Deadline: xx day

The 4DX Scoreboard also serves as a rallying point for your team. It’s a beacon of light that keeps everyone on track and motivated.

There are a few important notes about the scoreboard.

This scoreboard should be created for and even by the players, not the coach.

Coaches tend to like complex scoreboards with a plethora of statistics and data that doesn’t serve to motivate players.

However, a player’s scoreboard is something that the players can look at daily and gain a sense of accomplishment from. 

They can glance at the scoreboard and within five seconds determine if the team is winning or not.

So, make sure your scoreboard is simple and compelling, ideally based on input from your team.

But keeping track of the score isn’t enough. People need to commit to moving the ball forward every week, which is where the fourth discipline comes in.

The Fourth Discipline: Create a Cadence of Accountability

Accountability is a crucial part of making sure people stick to their commitments, but it’s often overlooked or devalued in the workplace

The 4DX system uses weekly “WIG sessions” to review the team’s progress and make sure everyone is held accountable.

These WIG sessions are short, focused meetings that take place at the same time and place every week.

These should be no longer than 20 minutes, requiring everyone to stay on task and focused.

At the WIG session, each person reports on their progress since the last meeting in focusing on the lead measures you’ve identified.

They are encouraged to be candid about both successes and struggles — ensuring that they are able to encourage and be spurred on by others on the team.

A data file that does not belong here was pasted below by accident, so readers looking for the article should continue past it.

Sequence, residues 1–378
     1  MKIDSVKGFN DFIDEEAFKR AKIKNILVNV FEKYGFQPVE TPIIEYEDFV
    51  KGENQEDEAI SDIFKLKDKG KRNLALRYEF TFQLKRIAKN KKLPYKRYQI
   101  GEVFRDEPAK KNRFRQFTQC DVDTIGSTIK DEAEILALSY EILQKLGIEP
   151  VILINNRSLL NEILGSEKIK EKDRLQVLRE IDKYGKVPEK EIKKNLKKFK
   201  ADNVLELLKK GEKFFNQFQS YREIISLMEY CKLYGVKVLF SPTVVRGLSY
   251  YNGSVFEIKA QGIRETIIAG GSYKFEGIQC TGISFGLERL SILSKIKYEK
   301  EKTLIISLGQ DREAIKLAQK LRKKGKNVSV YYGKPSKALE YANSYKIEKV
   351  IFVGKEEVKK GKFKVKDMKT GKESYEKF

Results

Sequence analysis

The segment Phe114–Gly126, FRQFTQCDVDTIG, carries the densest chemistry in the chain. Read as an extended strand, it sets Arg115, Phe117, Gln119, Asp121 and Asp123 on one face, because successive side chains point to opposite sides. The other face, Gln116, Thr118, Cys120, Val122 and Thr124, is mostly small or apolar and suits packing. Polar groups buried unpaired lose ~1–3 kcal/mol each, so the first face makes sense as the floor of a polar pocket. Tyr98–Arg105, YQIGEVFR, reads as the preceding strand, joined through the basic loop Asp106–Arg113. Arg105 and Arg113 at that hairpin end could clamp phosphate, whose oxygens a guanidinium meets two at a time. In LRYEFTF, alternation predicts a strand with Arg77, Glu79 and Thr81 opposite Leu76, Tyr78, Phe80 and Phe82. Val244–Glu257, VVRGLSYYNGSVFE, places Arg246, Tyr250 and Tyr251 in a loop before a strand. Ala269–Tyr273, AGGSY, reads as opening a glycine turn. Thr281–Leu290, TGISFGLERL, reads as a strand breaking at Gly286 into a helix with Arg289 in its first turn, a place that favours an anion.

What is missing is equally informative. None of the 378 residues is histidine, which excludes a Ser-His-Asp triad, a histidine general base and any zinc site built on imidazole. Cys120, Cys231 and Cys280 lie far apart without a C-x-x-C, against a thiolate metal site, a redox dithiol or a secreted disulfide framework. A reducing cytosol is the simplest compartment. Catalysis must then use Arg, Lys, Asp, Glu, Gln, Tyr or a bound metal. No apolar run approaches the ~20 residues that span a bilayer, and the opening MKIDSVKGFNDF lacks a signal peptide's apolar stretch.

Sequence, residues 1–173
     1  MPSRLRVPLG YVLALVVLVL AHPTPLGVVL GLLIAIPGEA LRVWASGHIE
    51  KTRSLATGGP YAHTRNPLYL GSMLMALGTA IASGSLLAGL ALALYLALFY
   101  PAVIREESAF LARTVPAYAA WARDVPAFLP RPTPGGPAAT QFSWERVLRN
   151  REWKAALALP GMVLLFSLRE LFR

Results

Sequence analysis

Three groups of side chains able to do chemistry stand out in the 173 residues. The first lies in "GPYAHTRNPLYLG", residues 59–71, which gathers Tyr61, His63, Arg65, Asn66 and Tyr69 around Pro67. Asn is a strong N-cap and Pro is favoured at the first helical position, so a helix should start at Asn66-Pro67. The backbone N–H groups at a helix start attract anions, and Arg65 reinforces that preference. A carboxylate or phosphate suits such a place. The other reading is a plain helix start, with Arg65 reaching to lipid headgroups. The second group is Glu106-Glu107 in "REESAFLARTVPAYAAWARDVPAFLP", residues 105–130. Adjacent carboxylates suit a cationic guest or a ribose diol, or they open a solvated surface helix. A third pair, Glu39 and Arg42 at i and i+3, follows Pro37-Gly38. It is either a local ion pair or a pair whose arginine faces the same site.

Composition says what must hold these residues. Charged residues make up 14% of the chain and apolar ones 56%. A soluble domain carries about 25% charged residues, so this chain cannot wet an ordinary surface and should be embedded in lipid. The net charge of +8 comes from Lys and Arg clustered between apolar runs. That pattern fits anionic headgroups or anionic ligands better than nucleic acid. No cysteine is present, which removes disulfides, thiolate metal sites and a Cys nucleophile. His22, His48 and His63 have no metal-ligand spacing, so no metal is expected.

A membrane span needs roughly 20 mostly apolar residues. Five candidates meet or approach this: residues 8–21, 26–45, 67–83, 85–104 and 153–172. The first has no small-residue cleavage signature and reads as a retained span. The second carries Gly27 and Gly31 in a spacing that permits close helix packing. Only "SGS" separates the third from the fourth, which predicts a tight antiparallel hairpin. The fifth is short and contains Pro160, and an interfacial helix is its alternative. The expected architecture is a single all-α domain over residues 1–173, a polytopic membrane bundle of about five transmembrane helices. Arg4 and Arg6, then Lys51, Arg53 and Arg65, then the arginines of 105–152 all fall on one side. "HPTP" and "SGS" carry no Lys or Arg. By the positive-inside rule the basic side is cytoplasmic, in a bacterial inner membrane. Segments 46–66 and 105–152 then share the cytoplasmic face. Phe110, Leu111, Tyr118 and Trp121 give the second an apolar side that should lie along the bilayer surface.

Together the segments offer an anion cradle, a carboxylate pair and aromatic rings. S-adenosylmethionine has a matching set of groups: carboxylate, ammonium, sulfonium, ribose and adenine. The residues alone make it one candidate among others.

This builds trust as well as a greater sense of ownership and responsibility for the team’s success.

The WIG session also serves as a forum for problem-solving and brainstorming solutions to any issues or blockers that the team is up against.

By the end of the meeting, everyone should have a clear understanding of what they need to do over the next week to move their WIGs forward.

In addition, they should verbally commit to their teammates about what they will do this week to act on those lead measures.

For example, they might commit to troubleshooting any calls that have gone past 36 hours to make sure that the time continues to stay below 48 hours.

Or another possible commitment would be that they commit to spending 5 hours training newer customer service associates on how to resolve issues more quickly.

At the next meeting, the team checks in to review progress and any commitments that have been made.

People are far more likely to complete commitments that they have voluntarily made and then vocalized to other people. This is a key aspect of goal setting that is provided in professional coaching and professional development programs.


The 4 Disciplines of Execution are a framework that helps to ensure success by breaking down the goal into smaller, actionable steps and holding people accountable for the work.

The four disciplines are focused on clarity, commitment, and accountability, providing a clear roadmap for success.

With commitment, clarity, a compelling scoreboard, and a cadence of accountability, you can help your team succeed in achieving its WIG and avoid any potential landmines that may arise along the way.

In doing so, you will be ensuring that not only is the WIG achieved, but that your team remains highly motivated and engaged.

Do you want to learn more about how to apply these disciplines in your context and grow as an influential leader? Book your free 15 minute coaching consultation today!